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Cold Spring Harb Perspect Biol. 2010 Aug;2(8):a000935. doi: 10.1101/cshperspect.a000935. Epub 2010 Apr 28.

Transcriptional regulation by p53.

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  • 1Department of Biological Sciences, Columbia University, New York, New York 10027, USA.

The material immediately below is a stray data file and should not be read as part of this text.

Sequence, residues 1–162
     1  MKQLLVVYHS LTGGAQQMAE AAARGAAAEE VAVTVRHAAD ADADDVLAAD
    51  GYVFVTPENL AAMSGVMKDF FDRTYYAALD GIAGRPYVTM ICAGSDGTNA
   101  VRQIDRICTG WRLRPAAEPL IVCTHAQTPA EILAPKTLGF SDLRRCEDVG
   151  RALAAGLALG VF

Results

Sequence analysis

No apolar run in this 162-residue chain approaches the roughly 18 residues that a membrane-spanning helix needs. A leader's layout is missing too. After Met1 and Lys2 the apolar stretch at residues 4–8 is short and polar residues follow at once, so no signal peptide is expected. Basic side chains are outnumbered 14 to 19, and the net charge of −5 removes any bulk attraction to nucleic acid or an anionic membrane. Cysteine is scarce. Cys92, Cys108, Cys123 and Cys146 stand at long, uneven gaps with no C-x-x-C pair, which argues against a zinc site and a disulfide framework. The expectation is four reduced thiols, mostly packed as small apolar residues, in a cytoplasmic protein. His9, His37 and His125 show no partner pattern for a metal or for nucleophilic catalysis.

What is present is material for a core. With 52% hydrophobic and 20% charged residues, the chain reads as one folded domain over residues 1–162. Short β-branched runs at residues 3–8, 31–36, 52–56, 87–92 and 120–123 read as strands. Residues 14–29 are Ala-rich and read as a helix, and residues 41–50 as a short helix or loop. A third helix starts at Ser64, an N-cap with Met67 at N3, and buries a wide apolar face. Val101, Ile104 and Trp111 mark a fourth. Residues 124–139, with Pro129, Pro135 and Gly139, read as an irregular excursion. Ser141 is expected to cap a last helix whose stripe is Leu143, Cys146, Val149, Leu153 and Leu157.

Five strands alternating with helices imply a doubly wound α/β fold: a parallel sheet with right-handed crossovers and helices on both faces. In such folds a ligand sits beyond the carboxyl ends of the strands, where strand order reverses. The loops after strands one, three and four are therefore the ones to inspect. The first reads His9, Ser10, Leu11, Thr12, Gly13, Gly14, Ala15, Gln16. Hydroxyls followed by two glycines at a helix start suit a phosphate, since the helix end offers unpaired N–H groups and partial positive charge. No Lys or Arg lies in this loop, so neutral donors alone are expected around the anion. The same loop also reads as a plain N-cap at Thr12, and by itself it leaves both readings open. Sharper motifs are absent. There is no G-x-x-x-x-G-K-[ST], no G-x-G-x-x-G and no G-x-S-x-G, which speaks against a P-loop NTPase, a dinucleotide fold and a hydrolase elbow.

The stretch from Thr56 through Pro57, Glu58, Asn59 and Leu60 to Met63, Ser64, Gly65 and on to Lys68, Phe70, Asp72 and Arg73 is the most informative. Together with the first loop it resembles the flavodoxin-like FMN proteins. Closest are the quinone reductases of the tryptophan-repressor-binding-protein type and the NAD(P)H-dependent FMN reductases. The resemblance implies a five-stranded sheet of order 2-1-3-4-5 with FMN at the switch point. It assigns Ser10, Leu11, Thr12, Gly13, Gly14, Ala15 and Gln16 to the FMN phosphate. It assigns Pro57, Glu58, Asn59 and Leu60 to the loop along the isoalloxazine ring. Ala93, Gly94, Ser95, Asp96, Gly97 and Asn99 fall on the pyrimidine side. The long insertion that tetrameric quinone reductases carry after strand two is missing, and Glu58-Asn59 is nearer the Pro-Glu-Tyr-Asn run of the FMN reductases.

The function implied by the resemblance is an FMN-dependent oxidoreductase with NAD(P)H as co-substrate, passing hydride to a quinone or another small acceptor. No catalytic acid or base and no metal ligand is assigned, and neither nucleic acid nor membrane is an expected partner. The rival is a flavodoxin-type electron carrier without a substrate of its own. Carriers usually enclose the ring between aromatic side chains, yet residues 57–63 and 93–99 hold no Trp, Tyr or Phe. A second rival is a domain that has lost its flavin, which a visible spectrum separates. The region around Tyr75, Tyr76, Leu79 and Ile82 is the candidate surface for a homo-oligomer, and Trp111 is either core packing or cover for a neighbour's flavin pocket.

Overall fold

Inactivation of p53 is critical for the formation of most tumors. Illumination of the key function(s) of p53 protein in protecting cells from becoming cancerous is therefore a worthy goal. Arguably p53's most important function is to act as a transcription factor that directly regulates perhaps several hundred of the cell's RNA polymerase II (RNAP II)-transcribed genes, and indirectly regulates thousands of others. Indeed p53 is the most well studied mammalian transcription factor. The p53 tetramer binds to its response element where it can recruit diverse transcriptional coregulators such as histone modifying enzymes, chromatin remodeling factors, subunits of the mediator complex, and components of general transcription machinery and preinitiation complex (PIC) to modulate RNAPII activity at target loci (Laptenko and Prives 2006). The p53 transcriptional program is regulated in a stimulus-specific fashion (Murray-Zmijewski et al. 2008; Vousden and Prives 2009), whereby distinct subsets of p53 target genes are induced in response to different p53-activating agents, likely allowing cells to tailor their response to different types of stress. How p53 is able to discriminate between these different loci is the subject of intense research. Here, we describe key aspects of the fundamentals of p53-mediated transcriptional regulation and target gene promoter selectivity.

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